Don't worry! This review will be completely devoid of spoilers, so those of you who have yet to see the film, feel free to read on!
What can I say about Star Wars: The Force Awakens? Did it meet my expectations? Was I surprised at the plot twists and reveals? Am I excited for the eventual release of Episode VIII?
The short answer to all of these questions is yes. Though that answer bears different meaning for each one.
The film was incredible. It not only stands boldly as the continuation of the groundbreaking cinematic trilogy of our youths, but it wins in many of the places where the prequel trilogy failed. Episode VII is, far and away, within the top-tier of Star Wars films, though what exactly that means for any of us will obviously change from person to person.
There's not much to say about the visuals or the sound. These are both exemplary, as to be expected. We don't doubt for any minute that these characters really are on the desert planet of Jakku, in the vast reaches of space, or in the middle of an alien cantina. The cinematography, the acting, the screenplay, every facet of this film is a surefire win, for fantasy fans, for Star Wars fans, and for film fans. It's a fun and exciting trip from start to finish, and you owe it to yourself to see it in the theaters at least once.
Now that I've put all of your fears to rest, let's go over my complaints, however few or minor they are. Again, there will be NO SPOILERS in this review, so even if you haven't seen the film yet, please read on.
I am by no means a film expert, unless I mistakenly proclaim that of myself at one point or another. I do, however, tend to watch films with a different frame of mind than most of the movie-going populace. Many people mistake this as me not liking film, hating film, despising film, when really it is often the opposite. I am so in love with film as a medium that I am more easily disappointed when it doesn't live up to it's potential, when it doesn't ensnare and captivate me the way it should. I know what film is capable of, and I understand the various genres therein, and it upsets me when a film so easily makes a misstep, or fumbles with its story or tone. I had this issue with Jurassic World, when the audience was a little too front-and-center for a certain character death than we had any right to be. And there was an underlying feeling of this with Star Wars.
Nostalgia is a powerful thing, and it is the current fuel that is powering our entertainment industry. There has always been a strong desire for 'more of what we love' than 'new and exciting', and that is the case now more than ever. Franchises like Transformers, Jurassic Park, Marvel comics, and DC comics are all getting their screen remakes and reboots, and even semi-older films that were wonderful before, like Point Break, Predator and Alien, are all seeing sequels or remakes. It's very easy for us, as consumers, to throw our money at something we're familiar with, even if it is just more of the same.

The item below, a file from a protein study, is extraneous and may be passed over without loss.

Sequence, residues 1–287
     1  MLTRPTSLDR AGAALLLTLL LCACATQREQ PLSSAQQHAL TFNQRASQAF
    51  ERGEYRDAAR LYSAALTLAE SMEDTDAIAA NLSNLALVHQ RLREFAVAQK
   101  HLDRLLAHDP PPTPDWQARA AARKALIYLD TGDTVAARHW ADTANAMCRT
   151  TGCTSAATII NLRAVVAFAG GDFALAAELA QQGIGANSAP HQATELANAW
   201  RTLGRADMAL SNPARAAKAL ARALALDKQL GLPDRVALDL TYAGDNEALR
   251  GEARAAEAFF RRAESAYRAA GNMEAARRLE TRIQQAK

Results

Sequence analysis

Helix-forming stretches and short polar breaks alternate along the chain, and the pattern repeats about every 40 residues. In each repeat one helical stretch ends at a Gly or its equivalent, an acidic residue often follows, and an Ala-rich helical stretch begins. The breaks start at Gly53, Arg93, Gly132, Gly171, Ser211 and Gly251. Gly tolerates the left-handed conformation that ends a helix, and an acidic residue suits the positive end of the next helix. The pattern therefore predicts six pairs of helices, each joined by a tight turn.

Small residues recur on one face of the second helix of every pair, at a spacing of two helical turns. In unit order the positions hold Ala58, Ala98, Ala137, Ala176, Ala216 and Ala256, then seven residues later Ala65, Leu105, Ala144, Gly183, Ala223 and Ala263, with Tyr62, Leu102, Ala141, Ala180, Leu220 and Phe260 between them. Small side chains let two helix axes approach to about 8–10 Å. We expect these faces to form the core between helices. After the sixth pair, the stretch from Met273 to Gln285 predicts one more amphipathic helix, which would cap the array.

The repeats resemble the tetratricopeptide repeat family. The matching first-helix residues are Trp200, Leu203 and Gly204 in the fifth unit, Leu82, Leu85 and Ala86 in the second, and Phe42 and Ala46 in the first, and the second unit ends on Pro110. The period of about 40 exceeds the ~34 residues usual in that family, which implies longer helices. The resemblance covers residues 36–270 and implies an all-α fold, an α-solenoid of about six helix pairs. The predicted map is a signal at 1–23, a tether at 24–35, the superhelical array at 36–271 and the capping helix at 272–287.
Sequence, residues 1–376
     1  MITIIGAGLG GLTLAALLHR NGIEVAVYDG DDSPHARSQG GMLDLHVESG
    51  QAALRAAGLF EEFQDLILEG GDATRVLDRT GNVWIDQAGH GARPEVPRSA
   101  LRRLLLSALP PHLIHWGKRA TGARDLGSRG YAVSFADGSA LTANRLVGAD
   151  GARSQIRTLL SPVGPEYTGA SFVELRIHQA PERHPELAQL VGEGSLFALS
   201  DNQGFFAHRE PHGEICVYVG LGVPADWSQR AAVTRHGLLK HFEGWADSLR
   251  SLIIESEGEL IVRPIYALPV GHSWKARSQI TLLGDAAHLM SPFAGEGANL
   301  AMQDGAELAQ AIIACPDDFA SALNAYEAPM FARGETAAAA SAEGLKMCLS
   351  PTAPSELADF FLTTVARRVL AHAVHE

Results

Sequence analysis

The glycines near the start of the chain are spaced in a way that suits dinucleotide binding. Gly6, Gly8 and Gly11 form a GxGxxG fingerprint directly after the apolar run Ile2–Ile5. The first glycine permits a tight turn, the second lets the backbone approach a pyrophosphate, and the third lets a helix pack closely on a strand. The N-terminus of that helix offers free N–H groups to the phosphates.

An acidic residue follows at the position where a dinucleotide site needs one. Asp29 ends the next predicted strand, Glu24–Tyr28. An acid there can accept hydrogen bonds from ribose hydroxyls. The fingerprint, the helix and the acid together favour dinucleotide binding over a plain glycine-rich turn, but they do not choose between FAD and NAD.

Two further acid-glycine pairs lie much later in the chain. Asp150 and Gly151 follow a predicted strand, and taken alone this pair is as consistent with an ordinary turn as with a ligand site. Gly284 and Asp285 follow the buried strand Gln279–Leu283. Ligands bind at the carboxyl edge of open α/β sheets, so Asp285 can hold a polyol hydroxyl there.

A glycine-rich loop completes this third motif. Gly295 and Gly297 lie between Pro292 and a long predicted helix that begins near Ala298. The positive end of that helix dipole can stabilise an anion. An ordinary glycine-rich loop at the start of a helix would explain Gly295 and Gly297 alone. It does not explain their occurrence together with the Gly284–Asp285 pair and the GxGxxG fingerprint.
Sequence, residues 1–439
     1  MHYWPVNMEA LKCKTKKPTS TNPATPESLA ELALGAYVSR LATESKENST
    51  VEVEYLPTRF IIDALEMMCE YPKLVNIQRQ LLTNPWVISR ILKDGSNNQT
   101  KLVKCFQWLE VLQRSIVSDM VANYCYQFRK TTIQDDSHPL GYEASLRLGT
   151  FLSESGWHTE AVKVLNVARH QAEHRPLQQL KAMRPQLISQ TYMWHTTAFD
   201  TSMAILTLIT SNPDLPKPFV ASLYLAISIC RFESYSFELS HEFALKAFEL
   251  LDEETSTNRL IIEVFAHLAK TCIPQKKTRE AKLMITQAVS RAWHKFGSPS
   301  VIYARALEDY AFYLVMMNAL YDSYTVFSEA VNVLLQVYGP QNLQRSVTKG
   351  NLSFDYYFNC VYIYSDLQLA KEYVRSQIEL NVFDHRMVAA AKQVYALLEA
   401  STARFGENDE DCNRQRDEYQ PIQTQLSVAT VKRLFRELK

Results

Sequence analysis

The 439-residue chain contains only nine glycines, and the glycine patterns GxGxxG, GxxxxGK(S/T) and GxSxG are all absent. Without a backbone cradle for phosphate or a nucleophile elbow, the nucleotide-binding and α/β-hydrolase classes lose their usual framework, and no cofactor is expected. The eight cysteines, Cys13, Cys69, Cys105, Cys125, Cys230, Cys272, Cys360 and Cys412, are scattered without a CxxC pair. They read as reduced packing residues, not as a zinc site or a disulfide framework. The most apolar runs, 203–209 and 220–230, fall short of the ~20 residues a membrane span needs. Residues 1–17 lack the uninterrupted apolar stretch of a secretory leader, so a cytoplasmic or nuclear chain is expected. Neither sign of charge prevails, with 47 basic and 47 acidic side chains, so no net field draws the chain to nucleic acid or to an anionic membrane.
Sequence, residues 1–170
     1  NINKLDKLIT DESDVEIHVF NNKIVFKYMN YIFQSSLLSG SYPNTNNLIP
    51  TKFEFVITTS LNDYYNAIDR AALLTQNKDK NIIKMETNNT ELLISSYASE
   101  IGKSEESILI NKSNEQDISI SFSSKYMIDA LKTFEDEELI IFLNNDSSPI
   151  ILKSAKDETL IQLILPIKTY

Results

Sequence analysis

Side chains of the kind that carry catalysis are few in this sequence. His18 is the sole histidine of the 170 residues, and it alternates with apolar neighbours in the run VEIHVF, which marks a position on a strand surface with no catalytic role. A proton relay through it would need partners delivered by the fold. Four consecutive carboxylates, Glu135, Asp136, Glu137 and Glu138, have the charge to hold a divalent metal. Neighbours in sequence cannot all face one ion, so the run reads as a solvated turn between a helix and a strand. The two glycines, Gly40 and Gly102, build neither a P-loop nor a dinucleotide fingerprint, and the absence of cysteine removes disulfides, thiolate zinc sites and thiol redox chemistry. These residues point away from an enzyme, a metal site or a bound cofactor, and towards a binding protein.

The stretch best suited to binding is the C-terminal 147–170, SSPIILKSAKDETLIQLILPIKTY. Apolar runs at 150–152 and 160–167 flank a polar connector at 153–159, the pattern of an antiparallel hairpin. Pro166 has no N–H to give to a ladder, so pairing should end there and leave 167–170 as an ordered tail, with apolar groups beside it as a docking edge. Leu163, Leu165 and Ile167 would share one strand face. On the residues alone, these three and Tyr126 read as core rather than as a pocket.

And it was easy for me to see, and for others I have no doubt, that the basic plot of Star Wars: The Force Awakens was just the same plot as Star Wars: A New Hope. The hidden information, the missing droids, the smuggler with a heart of gold, joining the insurrectionists against the overpowering enemy, it really was just a rehashing of the original film. The basic outline is there, J.J. Abrams just changed some of the names and added a family subplot as a footnote to lead into future films.
And it isn't that surprising, really. Think about it, if you were J.J. Abrams and you had to helm this new movie, this gateway into a larger, newer Star Wars universe. Would you write a story new and exciting, take a gamble on whether or not people will like it, and hope to expand the scope or themes of Star Wars in a new way? No. Of course you wouldn't. That would be Hollywood suicide. It's success wouldn't be in the box office, even if people liked it. It would be in DVD sales and digital sales, long after Disney decided to go with a different director.
The safe move, and easily the safest move for Abrams, was to look at the most successful film that had done the same thing as he was trying to do. And that was obviously A New Hope. Borrow from it, pay homage to it, exist alongside it but don't steal from it. The Force Awakens was definitely more subtle about it's love for the original than Jurassic World was with Jurassic Park, and that is admirable. And the reviews are in, the fans (who have seen it) have spoken: J.J. Abrams has done it again, and we finally have our favorite space-fantasy saga back to the way it should be.
But should it be like this? I lament that the fan-base - as a whole - is so fickle and elitist, so picky that they would look down their noses at anything that deviates from this predetermined course - at least for the first installment. And I am one of those fans! While I can't say for certain, I can hypothesize that I would feel cheated if The Force Awakens was different than what it turned out to be. After all, George Lucas himself did just that with The Phantom Menace, and look how the fans responded to it.
Is there a better answer? Yes, I'm sure. Is it possible to create an original Star Wars story that isn't A New Hope and isn't The Phantom Menace? Undoubtedly. And while this does lean quite heavily on the success of Episode IV, it also leaves us with powerful plot threads and strong hopes for the upcoming Episode VIII.
The Force Awakens played the safe bet, as everyone should have expected. There are some minor twists, but I saw them a mile away, so I'm sure you will too. But overall, J.J. Abrams delivered the film not that we may have wanted, but the one we needed. And, best of all, he promises to only expand upon that in the future.